The Architectural League of New York’s Emerging Voices award and lecture series highlights individuals and firms with distinct design “voices”, singling out those with the potential to go on to even greater heights.

2018 saw two rounds of judging; first by a panel of past Emerging Voices winners, and a second to pick the winners. The first-round jury included Virginia San Fratello, Sebastian Schmaling, Wonne Ickx, Lola Sheppard, Marcelo Spina, Carlos Jimenez, and Marlon Blackwell, as well as members of the second-round jury, Sunil Bald, Lisa Gray, Stella Betts, Jing Liu, Paul Makovsky, Tom Phifer, Chris Reed, and Billie Tsien.

AN originally profiled all of the emerging voices firms in our February print issue. LA-Más founders Helen Leung and Elizabeth Timme will deliver their lecture on March 22nd, 2018, at the SVA Theatre in Manhattan.

For LA-Más, architecture does nothing if it doesn’t address a need. Guided by co-executive directors Elizabeth Timme and Helen Leung, the nonprofit urban design organization believes that too many young architects have become disconnected from this fundamental aspect of the discipline. By combining expertise in both design and policy, and by forming productive partnerships with other nonprofits, community groups, and local governments, the duo is creating street-level strategies for empowering communities that are often overlooked or threatened by demographic shifts.

Working in collaboration with district councils or local business development groups, LA-Más has developed a series of vibrant projects, throughout L.A. designed to create a safer and more accessible pedestrian experience. These high-impact, low-cost projects include wayfinding, murals, street furniture, and temporary parks like the cartoon-inspired interventions of Hollywood Pop!, which converts a vacant corner lot into a privately owned public space where passersby can share their thoughts about the neighborhood’s future.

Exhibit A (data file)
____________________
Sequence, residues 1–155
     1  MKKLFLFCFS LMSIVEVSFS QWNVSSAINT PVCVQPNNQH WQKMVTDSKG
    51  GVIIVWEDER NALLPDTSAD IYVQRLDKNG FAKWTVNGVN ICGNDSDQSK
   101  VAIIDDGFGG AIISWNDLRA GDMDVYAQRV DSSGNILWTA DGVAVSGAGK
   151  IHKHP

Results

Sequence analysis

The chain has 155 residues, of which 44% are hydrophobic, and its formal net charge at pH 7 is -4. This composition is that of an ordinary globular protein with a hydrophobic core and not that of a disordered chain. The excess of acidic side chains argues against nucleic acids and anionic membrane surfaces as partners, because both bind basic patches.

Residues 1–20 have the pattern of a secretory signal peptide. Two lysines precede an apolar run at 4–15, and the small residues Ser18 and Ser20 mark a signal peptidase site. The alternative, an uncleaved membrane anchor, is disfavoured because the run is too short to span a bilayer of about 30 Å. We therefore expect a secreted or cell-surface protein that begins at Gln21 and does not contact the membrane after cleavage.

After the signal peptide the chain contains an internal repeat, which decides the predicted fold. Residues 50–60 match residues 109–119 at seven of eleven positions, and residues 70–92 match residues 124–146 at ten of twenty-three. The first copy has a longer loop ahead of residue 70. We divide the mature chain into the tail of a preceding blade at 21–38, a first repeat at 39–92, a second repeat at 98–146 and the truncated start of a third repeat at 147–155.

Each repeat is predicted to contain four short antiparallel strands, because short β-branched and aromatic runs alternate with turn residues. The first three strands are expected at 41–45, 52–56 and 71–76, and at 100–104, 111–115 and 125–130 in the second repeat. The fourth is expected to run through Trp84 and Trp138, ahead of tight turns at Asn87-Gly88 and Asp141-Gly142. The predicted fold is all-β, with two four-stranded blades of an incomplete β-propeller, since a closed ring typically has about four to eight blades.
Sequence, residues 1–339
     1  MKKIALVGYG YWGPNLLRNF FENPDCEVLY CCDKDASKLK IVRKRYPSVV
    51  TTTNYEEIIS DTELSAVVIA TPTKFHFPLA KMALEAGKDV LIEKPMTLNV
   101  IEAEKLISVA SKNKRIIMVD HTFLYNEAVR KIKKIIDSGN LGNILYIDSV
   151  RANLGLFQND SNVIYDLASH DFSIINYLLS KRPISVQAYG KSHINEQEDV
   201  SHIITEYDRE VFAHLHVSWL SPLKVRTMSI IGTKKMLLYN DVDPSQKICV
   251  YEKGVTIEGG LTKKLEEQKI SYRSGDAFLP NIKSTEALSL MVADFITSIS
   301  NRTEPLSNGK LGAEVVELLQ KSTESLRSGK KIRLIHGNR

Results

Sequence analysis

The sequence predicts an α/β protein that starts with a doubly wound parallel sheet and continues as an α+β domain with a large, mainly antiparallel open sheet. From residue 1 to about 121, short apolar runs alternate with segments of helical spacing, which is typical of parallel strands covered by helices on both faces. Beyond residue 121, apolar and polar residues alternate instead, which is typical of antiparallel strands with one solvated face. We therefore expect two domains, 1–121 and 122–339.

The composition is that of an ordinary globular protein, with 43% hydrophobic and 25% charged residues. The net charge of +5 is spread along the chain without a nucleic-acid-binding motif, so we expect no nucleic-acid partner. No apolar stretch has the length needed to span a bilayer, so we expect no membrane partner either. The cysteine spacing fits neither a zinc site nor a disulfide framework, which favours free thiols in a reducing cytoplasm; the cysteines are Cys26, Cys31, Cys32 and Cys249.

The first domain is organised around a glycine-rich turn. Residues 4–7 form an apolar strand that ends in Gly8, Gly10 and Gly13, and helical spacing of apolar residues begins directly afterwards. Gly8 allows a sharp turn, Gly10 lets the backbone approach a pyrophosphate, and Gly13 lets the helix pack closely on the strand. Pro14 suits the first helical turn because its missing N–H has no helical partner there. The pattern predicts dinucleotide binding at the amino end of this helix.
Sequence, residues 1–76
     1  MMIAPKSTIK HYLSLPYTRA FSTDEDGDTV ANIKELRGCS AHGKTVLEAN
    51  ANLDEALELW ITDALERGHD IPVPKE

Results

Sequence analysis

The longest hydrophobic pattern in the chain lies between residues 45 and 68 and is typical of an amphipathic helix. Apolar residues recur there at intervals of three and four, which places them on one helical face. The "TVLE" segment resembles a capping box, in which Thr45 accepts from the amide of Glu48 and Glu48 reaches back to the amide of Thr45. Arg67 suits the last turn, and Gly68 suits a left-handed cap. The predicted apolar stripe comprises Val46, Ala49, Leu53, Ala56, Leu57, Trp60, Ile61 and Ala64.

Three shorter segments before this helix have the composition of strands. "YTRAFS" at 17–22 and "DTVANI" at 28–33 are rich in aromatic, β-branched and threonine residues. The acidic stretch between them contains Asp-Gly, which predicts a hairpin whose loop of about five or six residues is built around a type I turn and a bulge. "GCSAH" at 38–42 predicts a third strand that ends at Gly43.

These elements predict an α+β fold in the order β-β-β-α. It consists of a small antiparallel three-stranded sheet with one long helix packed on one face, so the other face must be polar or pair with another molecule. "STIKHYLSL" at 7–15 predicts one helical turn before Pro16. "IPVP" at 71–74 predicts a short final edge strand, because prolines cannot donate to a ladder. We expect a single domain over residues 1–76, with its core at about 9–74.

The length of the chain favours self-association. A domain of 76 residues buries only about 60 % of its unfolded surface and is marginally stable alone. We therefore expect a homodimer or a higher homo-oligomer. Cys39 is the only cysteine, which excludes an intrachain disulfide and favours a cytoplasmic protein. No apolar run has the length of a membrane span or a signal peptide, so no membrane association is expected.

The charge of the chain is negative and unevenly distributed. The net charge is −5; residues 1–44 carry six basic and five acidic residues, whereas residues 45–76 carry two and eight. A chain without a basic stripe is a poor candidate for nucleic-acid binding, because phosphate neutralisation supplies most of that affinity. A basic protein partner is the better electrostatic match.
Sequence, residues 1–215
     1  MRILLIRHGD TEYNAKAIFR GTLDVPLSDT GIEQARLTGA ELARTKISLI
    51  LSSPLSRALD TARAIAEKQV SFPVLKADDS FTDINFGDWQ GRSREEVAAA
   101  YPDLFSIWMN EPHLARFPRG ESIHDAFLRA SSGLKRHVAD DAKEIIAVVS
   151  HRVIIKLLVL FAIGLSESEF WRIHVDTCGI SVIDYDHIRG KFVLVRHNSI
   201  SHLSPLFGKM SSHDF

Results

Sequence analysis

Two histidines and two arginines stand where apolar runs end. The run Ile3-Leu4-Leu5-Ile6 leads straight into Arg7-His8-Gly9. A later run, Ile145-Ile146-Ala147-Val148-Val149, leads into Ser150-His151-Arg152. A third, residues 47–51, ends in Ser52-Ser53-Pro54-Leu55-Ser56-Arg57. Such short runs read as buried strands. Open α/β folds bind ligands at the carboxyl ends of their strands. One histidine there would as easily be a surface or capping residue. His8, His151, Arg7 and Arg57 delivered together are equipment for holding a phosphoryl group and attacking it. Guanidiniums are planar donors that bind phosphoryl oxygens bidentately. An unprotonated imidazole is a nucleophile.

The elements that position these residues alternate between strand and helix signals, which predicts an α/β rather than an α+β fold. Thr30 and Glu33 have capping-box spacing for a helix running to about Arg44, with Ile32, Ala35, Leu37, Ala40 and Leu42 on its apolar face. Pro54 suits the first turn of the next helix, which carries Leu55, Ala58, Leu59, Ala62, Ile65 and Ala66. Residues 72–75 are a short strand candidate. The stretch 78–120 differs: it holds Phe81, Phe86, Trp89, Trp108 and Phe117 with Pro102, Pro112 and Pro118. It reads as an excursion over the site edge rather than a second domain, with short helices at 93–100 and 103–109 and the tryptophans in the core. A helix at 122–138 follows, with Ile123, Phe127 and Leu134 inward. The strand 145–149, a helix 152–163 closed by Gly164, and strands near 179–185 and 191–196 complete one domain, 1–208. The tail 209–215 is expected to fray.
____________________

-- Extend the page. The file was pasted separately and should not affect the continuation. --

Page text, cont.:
More substantial transformations have resulted from their small business support program, which was created to provide local mom-and-pops with design services and additional support. LA-Más doesn’t just give these businesses a new storefront; they give them a new outreach network and help with leases, licenses, and websites. “They don’t just feel like they’re surviving,” said Timme, “but that they’re supported, which is a huge paradigm change.” These projects aren’t the result of abstract planning exercise but of listening to the people who live and work in the neighborhood. Timme added: “That’s what Helen and I do—we facilitate a conversation between a community and the city.”

City of LA ADU Pilot Project (Courtesy LA-Más)

LA-Más’s work with accessory dwelling units (ADUs) is its most ambitious, and perhaps most impactful, project yet. Created to combat the housing crisis in L.A., its ADU Pilot Project is an opportunity to get residents directly involved in the development of their communities by building affordable housing in their own backyards—literally. In collaboration with organizations including the mayor’s office, local council, and Habitat for Humanity, the firm is building their first ADU in the Highland Park neighborhood. The two-bedroom, 1,000-square-foot project will not only be a model for affordable and contextual housing solutions but for innovative financing and future ADU policy. And it’s the best example yet of the benefits offered by LA-Más’s unique blending of policy and planning.

As Leung said, “Because we can combine all these skills, we get to test ideas, implement, figure out what works, ground it in the need of the community, and really push the boundaries of what’s possible.”

Related Stories